Property owners are receiving reassessment notices with increases of 200% or even 300% on commercial property and apartment buildings. Even those who planned for the reassessment this year never imagined increases on this scale and do not know how to budget for the potential tax increase. As an attorney who contests property tax assessments, I have been hearing a lot from taxpayers this year. Townships in the north and west regions of Cook County are being reassessed in 2019 as part of the triennial reassessment cycle. All other counties in the state are also being reassessed this year on the…
Question:        I am buying an insurance policy on my life that contains a long-term care insurance rider. Can I transfer the policy to an irrevocable insurance trust and still benefit from the long-term care feature? Answer:          You can benefit from the long-term care feature of a life insurance policy held by an irrevocable life insurance trust (an “ILIT”) you create. Neither the ILIT policy ownership nor you benefitting from this type of policy is an issue. The concern is ensuring you can benefit in a manner that does not defeat the tax benefits you are seeking with an ILIT. Insured…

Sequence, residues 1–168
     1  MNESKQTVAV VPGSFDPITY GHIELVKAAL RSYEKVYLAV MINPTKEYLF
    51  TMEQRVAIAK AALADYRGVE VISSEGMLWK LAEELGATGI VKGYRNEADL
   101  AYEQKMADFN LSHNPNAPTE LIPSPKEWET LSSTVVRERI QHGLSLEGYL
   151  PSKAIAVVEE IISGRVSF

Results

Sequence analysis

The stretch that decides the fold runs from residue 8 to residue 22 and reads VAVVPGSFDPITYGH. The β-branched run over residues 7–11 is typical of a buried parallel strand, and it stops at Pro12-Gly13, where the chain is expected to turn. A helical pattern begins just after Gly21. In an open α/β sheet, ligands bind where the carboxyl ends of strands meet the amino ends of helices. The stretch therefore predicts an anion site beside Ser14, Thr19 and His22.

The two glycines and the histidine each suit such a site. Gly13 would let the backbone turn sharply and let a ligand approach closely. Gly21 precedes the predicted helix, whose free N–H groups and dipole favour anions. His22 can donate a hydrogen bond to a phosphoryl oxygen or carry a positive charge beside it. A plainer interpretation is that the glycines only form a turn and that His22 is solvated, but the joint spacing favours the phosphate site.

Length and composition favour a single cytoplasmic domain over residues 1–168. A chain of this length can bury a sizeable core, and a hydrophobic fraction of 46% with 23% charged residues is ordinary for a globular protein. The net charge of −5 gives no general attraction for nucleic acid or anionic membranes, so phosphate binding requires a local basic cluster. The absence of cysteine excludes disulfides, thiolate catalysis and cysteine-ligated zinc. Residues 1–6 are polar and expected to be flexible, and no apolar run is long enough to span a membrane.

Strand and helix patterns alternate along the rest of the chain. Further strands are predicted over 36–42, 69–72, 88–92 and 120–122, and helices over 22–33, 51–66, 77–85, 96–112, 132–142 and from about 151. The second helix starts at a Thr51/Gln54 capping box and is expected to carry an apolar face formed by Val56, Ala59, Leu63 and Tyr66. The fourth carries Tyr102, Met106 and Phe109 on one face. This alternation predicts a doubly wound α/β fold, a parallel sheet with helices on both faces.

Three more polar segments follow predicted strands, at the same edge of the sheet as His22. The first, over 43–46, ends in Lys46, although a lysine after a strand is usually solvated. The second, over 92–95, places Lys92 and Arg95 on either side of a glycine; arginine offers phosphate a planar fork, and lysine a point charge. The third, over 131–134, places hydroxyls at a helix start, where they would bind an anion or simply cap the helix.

The Vacationing Lawyer. In concept, it would stir envy for the practitioner contrarian enough to use it as an autobiography title. In practice, it’s an oxymoron. I’m just back from a long-planned 10-day African getaway, and rather than actually getting away, it sure felt like work stowed away. I was expecting more from the international customs officials, but without a ticket or even an invitation, work was waved right through. It’s old hat by now to complain about ubiquitous cellphones and tablets, borderless email and texting, and the long reach of the office. Per bestselling author Curt Steinhorst, we check…